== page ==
The first time I jumped on the Tracer 700 it took about 70 miles for me to decide this was the perfect bike for me.
Here is why:
Touring pack includes: Screen, heated grips, panniers, luggage rack
I’ve been riding the Tracer 700 now for about three months. Most of this has been the dual carriageway commute from Coventry to Peterborough. This habitat is where the bike feels most at home but with about 1000 miles together, I decided it was time to ride some more demanding routes.
A trip to Louth meant stuffing the Yamaha option soft panniers with a week’s worth of clothes and toiletries. The panniers look small but are around 30 litres each and can carry a surprising amount of stuff. They also have a waterproof bag to keep things dry if the weather goes British! This was the first time I had ridden the bike with full fuel and fully loaded panniers. Happily, the bike felt no different to ride than before. Impressive considering it would’ve be nudging the 220kg mark.
Composed in the corners and comfortable for two hours or more
The fairing looks wide and like it would make filtering difficult. It must a be a trick of the eye because it doesn’t come close to catching you out. The fairing design is such that the widest part sits above most car wing mirrors making it really easy to scythe through tail backs.
Tracer 700 is a fantastic long distance machine; the bike devours dual carriageways with ease. It is also the comfiest bike I have ridden, the thick rubber clad footpegs are vibe free and the mirrors are crystal clear at motorway speeds. The large seat is good for two hours or more, with my other half reporting that the pillion seat is just as comfortable. The gear change is precise but does require a hefty shove to get it into gear when the engine is cold.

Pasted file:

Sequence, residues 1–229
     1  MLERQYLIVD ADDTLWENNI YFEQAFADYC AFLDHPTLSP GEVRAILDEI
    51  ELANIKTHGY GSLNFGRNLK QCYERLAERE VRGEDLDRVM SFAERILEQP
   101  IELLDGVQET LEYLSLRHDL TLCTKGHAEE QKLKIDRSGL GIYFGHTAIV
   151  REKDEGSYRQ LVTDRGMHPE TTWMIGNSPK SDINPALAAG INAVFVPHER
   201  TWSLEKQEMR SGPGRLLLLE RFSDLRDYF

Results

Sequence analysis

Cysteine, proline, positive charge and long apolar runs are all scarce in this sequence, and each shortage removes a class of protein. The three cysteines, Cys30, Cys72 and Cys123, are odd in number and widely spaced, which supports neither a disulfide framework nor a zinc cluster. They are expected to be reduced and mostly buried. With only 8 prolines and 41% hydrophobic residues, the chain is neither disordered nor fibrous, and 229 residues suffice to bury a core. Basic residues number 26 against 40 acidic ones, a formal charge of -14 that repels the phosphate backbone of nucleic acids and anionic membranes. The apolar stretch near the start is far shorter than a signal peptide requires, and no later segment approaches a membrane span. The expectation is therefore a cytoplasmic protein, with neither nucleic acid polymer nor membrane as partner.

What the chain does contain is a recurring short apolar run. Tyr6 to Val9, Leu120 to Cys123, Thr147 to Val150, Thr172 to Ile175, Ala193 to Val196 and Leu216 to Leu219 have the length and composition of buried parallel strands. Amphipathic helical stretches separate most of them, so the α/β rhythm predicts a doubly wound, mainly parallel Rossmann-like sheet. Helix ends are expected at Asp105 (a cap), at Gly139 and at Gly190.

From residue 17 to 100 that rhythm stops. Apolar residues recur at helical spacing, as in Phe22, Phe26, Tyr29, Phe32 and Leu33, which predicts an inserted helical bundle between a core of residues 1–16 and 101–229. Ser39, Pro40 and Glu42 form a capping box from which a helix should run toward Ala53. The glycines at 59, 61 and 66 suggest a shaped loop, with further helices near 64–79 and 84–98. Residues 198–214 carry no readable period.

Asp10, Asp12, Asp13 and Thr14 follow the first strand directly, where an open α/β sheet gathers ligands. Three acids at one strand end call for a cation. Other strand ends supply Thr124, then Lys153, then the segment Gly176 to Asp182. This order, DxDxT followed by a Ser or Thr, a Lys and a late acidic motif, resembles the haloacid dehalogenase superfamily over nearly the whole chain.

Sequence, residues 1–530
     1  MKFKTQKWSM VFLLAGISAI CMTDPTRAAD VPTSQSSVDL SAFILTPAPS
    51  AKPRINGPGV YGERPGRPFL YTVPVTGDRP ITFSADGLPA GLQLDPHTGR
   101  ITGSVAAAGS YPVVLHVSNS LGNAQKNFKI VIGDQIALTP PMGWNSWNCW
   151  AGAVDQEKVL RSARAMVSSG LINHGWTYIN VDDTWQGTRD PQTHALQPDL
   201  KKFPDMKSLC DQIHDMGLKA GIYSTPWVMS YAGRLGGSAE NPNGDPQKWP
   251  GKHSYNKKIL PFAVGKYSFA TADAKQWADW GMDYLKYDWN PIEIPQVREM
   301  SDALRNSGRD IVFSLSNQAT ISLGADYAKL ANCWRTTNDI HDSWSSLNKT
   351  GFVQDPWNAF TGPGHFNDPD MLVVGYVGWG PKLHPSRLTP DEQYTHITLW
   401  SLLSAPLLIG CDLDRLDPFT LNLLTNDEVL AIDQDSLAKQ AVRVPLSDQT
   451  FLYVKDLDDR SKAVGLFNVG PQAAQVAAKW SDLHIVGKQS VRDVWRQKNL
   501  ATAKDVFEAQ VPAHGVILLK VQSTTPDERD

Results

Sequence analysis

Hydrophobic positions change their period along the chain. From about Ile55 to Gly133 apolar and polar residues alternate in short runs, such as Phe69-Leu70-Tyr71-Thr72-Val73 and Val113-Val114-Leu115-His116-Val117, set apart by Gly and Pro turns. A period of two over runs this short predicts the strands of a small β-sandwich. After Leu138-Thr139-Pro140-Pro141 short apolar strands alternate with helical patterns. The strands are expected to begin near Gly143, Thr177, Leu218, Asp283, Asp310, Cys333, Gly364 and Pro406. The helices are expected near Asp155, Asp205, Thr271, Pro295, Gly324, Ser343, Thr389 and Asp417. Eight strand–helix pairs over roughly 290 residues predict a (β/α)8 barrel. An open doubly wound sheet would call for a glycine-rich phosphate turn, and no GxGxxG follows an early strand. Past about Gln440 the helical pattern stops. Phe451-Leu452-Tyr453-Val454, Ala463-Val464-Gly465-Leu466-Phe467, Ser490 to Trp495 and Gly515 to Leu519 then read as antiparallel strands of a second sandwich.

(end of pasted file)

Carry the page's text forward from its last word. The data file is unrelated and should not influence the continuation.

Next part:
Front brakes could do with more bite
As I turn onto the A157 at Wragby the sun is well and truly set and the Tracer 700’s headlights are put to the test. For me they are too dim. Dip beam has a good spread and bathes the road ahead nicely but the main beam doesn’t cut through the darkness as well as I would like. Its not that level of light is dangerous, I’m probably being picky; I’ve upgraded the bulbs in most of my own bikes.
At £6999 the Tracer 700 is a lot of bike for not a lot of outlay
Anyone who has ridden to Cadwell Park for the BSB or a trackday will agree with me here – the roads in this part of the world are awesome. You have stunning scenery, elevation changes and fast sweeping corners. Sure, it would’ve been more fun in the daytime but even at night the Tracer 700’s split personality really comes out. The suspension which was plush and comfortable on the motorway works well on the twists and turns of the A157. The front end is really composed under hard braking and the bike holds a line through a corner well. It encourages you to get on the gas early, using the torque of the 270° cross-plane engine to fire the bike out of the apex. The next adventure for the Tracer is a trackday. I’m sure in the right hands you could embarrass some sports bikes in the intermediate group!
Around 75bhp and 68Nm from punchy 689cc twin
If I’m being picky the front brake does lack some initial bite, a set of high performance pads would help. Once you get past that though the dual 282mm discs and four pot calipers do a great job. Another niggle is the location of the horn button. For some reason Yamaha have placed it to the right and slightly above the indicators. It is too far and too small for you to find it when you need it.
All things considered the Tracer 700 is a perfect fit in my garage. It works on a weekend blast through the scenery if the mood takes me, yet carries me to the office on a Monday morning quickly and in comfort. Bravo Yamaha! Now, when’s the next trackday at Cadwell…